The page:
This week, I testified at a committee hearing in the U.S. House of Representatives on how to meet our nation’s water infrastructure needs. Those needs are huge: estimates by the federal government and public water and sewer systems range from $660 billion over the next 20 years, to more than twice that amount over just the next 10 years.
In too many communities, both large and small, urban and rural, the public is still drinking water with contaminants that pose serious health risks, from systems that leak a substantial portion of the water they produce. Meanwhile, sewage and polluted runoff make our waters both unsafe for human use and too degraded to support the fisheries and natural habitat we need for sustenance, recreation, and natural flood mitigation. And that’s just on a typical day.
The hearing got off to a good start. The opening statement by Rep. Garret Graves (R-LA), chair of the Water Resources Subcommittee, echoed NRDC’s message that the devastation wrought by this summer’s epic hurricanes—Harvey, Irma, and Maria—underscore the need for the federal government to invest in improving our water, wastewater and stormwater infrastructure. As Rep. Graves said, it’s a matter of public health, the economic health of communities, environmental protection, and even national security.
Ranking Member Grace Napolitano (D-CA) amplified the call for major federal investment, not only to improve the water and sewer systems’ resilience to the storms that climate change will continue bringing to our shores, but also to meet the chronic and overwhelming need to improve our failing water infrastructure.
As I said in my testimony: “The scale of the need is so vast that without a large and lasting commitment of new funds from the federal government—leveraged with additional funds from the states—our communities will not be able to fund the investment they so badly need to bring their water systems into the 21st Century.”
NRDC calls for restoring federal water infrastructure funding to a level comparable to the Reagan area. That’s a pledge the president made in last year’s campaign, but which was nowhere to be seen in the Administration’s FY18 budget proposal.
Priorities should include grants to struggling communities and assistance to low-income households to afford water and sewer bills. No community, and no family, should receive second-class water and sanitation because it cannot afford the cost of safe and sufficient water.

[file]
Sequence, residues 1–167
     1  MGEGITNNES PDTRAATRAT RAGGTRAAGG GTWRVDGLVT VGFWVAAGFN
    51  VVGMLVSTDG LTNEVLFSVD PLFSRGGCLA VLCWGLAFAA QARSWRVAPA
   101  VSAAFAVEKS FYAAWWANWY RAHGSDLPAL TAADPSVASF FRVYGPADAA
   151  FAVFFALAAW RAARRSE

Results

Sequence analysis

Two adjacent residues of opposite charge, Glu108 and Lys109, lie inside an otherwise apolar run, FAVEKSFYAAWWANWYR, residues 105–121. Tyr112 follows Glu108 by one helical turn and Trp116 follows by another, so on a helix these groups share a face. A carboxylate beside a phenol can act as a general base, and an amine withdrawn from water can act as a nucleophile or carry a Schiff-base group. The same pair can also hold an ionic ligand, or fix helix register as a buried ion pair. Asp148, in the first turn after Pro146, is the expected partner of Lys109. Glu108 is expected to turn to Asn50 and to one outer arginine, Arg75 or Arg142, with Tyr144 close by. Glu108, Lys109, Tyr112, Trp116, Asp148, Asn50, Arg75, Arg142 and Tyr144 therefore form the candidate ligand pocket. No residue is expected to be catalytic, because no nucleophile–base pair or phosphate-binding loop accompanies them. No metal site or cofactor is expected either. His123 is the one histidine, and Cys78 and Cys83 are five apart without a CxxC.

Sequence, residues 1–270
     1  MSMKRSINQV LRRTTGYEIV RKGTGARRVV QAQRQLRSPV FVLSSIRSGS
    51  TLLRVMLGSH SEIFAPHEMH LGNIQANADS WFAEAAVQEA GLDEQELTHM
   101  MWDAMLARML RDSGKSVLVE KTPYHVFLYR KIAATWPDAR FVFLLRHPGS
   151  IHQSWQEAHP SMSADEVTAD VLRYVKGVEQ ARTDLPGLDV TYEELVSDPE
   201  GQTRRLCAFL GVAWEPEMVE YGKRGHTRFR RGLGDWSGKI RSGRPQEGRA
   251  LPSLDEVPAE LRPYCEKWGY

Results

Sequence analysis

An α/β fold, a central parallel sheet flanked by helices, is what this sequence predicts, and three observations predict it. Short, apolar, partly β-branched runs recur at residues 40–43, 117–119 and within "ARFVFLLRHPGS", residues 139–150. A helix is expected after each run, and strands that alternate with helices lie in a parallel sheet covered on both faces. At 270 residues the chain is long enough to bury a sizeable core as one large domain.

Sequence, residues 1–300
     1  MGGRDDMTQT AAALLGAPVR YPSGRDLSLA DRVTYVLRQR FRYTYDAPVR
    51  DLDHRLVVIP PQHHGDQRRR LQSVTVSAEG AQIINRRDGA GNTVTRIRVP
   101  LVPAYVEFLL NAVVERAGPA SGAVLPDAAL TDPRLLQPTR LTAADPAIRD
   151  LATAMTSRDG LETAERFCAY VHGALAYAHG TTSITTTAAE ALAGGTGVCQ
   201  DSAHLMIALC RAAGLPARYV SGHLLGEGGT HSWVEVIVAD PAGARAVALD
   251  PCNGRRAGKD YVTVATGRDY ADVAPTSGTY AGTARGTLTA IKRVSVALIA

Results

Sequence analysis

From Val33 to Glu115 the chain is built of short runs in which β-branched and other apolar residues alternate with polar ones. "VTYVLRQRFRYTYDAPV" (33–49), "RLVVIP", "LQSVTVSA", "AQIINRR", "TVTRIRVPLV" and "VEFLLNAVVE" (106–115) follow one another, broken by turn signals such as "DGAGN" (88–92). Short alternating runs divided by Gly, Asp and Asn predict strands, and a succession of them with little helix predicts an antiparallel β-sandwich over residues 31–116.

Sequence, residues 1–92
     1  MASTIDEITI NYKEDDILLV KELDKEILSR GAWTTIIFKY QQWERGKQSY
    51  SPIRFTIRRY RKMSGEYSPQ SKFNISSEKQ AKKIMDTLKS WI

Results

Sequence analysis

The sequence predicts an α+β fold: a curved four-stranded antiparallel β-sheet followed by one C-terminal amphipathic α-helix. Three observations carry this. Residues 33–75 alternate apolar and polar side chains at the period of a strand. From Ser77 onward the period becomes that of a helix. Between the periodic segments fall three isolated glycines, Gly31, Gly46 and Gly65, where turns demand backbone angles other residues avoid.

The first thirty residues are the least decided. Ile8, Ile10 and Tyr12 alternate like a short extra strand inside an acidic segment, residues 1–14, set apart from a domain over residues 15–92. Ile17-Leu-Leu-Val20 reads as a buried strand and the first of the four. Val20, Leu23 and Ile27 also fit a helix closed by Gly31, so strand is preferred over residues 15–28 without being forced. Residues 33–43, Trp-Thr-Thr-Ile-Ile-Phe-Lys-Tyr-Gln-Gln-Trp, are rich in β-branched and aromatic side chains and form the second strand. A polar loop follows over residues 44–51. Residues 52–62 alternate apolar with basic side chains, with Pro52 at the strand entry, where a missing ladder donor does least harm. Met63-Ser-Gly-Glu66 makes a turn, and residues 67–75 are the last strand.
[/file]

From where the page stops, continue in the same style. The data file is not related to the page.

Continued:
All of the witnesses at the hearing were unanimous in calling for major new federal water infrastructure funding. All were called to testify by the Republican chair of the subcommittee, and they represented the nation’s mayors, drinking water utilities, wastewater utilities, and others.
But while the Democrats on the committee were also unanimous on the need for major new federal investment in water infrastructure, those in the Republican majority were more lukewarm, or even cool, to the idea.
So it was heartening to see the news, the next morning, that the White House now realizes that private financing of infrastructure is “not the silver bullet for all of our nation’s infrastructure problems,” and that the President now intends to “pay for infrastructure upgrades through direct federal spending—either by paying for projects with new tax revenue or…new debt.” Let’s hope they mean it. We need it.
Keep reading below for the oral testimony I delivered at the hearing.
For all of the details, see my full written testimony here.
Watch a video of the hearing here.
And follow me on Twitter: @llevine_nrdc
LAWRENCE M. LEVINE
NATURAL RESOURCES DEFENSE COUNCIL
U.S. HOUSE OF REPRESENTATIVES TRANSPORTATION AND INFRASTRUCTURE COMMITTEE SUBCOMMITTEE ON WATER RESOURCES AND ENVIRONMENT
“BUILDING A 21ST CENTURY INFRASTRUCTURE FOR AMERICA: WATER STAKEHOLDERS’ PERSPECTIVES”
SEPTEMBER 26, 2017
Good morning Chairman Graves, Ranking Member Napolitano, and members of the Subcommittee.
I am Lawrence M. Levine, senior attorney at the Natural Resources Defense Council. I appreciate the opportunity to testify today.
First-class infrastructure to protect clean water and public health is among our most important – and most basic – needs as a nation.
Yet, in much of the country, our aging infrastructure is simply not up to the twin tasks of providing everyone with access to the safe water and sewer services they need and keeping our waterways free of harmful pollution.
In too many communities, both large and small, urban and rural, the public is still drinking water with contaminants that pose serious health risks, from systems that leak a substantial portion of the water they produce. Meanwhile, sewage and polluted runoff make our waters both unsafe for human use and too degraded to support the fisheries and natural habitat we need for sustenance, recreation, and natural flood mitigation. The effects of climate change – droughts, floods, storms, sea level rise – all threaten to degrade or damage our water infrastructure even further, as the devastation caused by hurricanes Harvey, Irma, and Maria over the last month so dramatically illustrate.